Families flee as new waves of violence grip eastern Democratic Republic of Congo

By Oxfam
Tantine Kazigira, 25, stands in front of a tent at Mugunga Camp after fleeing her village in Masisi a few months ago. Photo by Colin DelFosse/Oxfam

New waves of violence in the resource-rich eastern region of the Democratic Republic of Congo have forced tens of thousands of people to flee for safety in recent days as rebels tightened their grip on the region, taking Goma, the strategically important capital of North Kivu province, on Tuesday. Since the start of the year, conflict has displaced more than three quarters of a million people in North and South Kivu provinces.

In April, former rebel fighters, who had been integrated into the Congolese army, mutinied. Dubbing themselves M23, or Mouvement 23, they took control of an area close to the borders of Rwanda and Uganda. When the Congolese army called up troops from across the region to quell the rebellion, that deployment left a security vacuum, prompting other rebel groups and militia to reassert their control.

Now, caught in the crossfire, civilians face appalling abuse at the hands of multiple armed groups. One town—Kashuga in northern Masisi—was attacked 12 times between April and July. In a new report, Commodities of War, Oxfam has documented how these waves of conflict have affected more than 760,000 people so far this year.

“Ruthless militias and government troops are both mercilessly exploiting local communities to help fund their war,” said Elodie Martel, Oxfam’s associate country director.  Forced labor and recruitment, illegal taxation, and pillaging are all tactics in this conflict, along with rape, kidnap, and murder.

“These armed men enter our homes and demand money. If you don’t give it, they will kill you,” said one man from Fizi in South Kivu.

“Men no longer walk around this village since they are the ones who are taken, mostly,” added a woman from Kalehe in South Kivu.

As insecurity and uncertainty mount, the pressure on people is growing.

“More than 50,000 people have fled camps and homes since yesterday and are in dire need of shelter, water, and food,” said Tariq Riebl on Monday. Riebl is Oxfam’s humanitarian coordinator in Goma, the threatened capital of North Kivu and one of Congo’s larger cities around which cluster camps for displaced people. “Families have been split up overnight and people are desperately going between sites trying to find loved ones. If fighting intensifies further, there are very few places people can go for safety.”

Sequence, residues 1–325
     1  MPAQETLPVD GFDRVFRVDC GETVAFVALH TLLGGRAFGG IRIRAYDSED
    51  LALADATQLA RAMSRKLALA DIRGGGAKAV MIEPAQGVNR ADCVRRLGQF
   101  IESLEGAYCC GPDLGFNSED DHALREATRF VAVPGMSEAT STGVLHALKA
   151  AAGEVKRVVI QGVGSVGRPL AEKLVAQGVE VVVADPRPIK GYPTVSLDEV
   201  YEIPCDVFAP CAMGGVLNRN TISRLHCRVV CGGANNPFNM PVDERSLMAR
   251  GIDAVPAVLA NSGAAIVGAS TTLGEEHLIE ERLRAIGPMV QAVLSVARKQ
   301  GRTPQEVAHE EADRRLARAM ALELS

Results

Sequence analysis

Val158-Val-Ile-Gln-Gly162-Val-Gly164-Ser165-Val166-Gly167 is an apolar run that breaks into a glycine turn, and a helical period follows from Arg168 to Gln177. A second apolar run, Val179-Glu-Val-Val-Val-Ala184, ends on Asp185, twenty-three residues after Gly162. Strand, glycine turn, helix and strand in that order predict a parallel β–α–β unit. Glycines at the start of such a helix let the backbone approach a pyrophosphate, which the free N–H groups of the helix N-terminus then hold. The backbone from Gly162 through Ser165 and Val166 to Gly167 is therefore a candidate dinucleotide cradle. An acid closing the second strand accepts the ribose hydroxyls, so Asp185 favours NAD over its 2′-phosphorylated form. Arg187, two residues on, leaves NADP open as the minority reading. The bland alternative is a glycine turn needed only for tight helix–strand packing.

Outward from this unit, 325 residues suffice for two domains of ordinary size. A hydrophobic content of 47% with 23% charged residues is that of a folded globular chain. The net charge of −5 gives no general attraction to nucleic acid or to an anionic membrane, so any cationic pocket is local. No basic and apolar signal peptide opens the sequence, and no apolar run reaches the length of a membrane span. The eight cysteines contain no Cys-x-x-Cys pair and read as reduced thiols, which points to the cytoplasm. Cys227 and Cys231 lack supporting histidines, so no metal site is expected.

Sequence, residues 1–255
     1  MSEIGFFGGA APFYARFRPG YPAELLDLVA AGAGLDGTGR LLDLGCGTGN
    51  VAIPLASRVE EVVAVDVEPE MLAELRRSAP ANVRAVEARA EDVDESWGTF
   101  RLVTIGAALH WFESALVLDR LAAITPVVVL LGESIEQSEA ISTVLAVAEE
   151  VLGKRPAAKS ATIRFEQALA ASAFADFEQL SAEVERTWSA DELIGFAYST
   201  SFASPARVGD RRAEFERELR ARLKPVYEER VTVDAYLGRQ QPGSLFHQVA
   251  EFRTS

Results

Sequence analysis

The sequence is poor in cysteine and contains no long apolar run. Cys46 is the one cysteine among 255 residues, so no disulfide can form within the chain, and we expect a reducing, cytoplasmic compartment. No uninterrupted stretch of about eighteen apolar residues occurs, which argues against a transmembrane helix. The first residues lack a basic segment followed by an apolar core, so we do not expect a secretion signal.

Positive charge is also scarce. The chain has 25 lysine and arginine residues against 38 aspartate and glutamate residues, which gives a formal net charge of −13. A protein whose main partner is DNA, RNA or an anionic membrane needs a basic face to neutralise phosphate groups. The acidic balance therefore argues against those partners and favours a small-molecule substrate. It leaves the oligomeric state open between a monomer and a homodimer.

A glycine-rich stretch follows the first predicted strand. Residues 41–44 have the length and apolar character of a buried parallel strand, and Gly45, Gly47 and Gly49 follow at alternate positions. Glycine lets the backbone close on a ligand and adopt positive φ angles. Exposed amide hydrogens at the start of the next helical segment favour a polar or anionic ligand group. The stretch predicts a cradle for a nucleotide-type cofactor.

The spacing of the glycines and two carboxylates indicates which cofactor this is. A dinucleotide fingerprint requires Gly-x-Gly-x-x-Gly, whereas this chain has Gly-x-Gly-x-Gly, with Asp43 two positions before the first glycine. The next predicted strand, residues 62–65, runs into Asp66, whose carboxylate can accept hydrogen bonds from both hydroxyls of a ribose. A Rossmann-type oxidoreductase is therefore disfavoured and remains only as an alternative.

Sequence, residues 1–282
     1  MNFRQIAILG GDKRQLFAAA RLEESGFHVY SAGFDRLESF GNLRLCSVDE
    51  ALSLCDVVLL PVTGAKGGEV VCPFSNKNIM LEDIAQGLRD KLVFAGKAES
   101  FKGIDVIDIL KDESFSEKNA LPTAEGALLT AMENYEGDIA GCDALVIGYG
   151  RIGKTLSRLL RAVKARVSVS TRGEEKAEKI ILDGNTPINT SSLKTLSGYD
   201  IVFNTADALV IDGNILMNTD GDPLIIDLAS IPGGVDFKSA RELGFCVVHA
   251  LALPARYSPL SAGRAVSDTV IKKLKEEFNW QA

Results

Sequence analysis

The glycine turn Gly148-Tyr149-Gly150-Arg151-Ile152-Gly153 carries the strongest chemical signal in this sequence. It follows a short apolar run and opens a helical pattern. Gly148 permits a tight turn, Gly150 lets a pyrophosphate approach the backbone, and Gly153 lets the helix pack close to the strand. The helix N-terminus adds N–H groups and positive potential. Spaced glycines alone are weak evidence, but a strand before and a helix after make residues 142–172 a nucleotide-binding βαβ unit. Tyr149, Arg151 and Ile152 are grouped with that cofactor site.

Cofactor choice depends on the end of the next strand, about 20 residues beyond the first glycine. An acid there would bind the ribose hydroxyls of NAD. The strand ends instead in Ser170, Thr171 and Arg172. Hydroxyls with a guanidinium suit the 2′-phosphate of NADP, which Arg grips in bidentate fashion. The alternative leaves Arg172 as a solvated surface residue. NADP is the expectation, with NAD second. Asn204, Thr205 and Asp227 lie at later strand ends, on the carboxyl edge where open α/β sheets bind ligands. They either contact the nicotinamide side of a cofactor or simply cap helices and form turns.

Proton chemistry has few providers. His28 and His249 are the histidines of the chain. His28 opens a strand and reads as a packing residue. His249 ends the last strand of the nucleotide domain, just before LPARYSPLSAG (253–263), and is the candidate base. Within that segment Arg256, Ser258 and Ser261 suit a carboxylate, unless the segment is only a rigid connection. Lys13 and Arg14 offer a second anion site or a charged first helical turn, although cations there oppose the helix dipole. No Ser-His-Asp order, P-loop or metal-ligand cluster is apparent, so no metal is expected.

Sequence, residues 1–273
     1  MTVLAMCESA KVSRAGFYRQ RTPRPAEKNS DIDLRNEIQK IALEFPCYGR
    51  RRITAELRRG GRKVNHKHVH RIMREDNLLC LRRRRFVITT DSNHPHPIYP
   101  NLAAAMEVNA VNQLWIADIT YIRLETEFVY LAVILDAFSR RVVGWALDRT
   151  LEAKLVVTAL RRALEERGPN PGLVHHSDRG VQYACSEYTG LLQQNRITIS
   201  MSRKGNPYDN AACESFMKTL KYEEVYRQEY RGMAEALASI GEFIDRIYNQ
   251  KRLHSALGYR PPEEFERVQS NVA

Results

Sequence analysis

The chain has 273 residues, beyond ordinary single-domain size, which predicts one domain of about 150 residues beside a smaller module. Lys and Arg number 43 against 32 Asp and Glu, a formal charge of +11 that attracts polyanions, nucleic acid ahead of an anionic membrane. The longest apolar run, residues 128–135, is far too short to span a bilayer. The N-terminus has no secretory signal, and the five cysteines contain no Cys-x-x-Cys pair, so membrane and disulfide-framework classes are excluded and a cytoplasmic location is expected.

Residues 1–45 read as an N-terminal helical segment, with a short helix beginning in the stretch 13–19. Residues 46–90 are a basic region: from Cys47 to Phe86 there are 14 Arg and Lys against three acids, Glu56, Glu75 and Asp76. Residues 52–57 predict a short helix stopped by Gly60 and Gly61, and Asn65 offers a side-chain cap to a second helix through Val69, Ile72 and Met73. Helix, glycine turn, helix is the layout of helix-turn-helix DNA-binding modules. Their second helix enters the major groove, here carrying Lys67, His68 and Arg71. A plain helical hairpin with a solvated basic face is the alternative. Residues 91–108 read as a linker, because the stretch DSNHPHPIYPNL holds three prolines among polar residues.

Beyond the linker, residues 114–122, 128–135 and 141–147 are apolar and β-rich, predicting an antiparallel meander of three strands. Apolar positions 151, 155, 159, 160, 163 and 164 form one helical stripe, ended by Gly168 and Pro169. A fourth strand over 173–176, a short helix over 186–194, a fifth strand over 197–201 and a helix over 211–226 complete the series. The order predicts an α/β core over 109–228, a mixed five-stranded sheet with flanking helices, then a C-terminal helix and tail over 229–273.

Oxfam is aiming to reach about 230,000 people affected by this new crisis and since July has been responding to the needs of families in three camps near Goma. As of Tuesday the organization had helped 123,000 with clean water, sanitation services, and protection support. And public health teams have launched education campaigns to reduce the risk that waterborne diseases, such as cholera, could spread. But the largest of the camps, Kanyaruchina, where Oxfam has been building 700 latrines and 120 bathing stalls, is now deserted after people were forced to flee again.

For people of the eastern provinces, the violence is a grim reminder of how weak Congo’s national justice system is. Coupled with a lack of state authority and an ill-trained and poorly paid army, the consequence of that weakness has been decades of sporadic conflict triggered in part by ethnic tensions and disputes over land and resources. The danger and volatility make it very difficult for people to earn a living and have pulled many deeper into poverty.

“This war brings us extreme poverty and leave many killed,” a woman from Rutshuru in North Kivu told Oxfam. “Children no longer go to school and people flee to zones that are somehow safe. Those who return to their village to work their land to provide for their families are killed during clashes, or raped when a woman or girl is alone in the field.”

Oxfam is calling for an immediate halt to the fighting so that humanitarian aid can reach more civilians, especially those who have been displaced.

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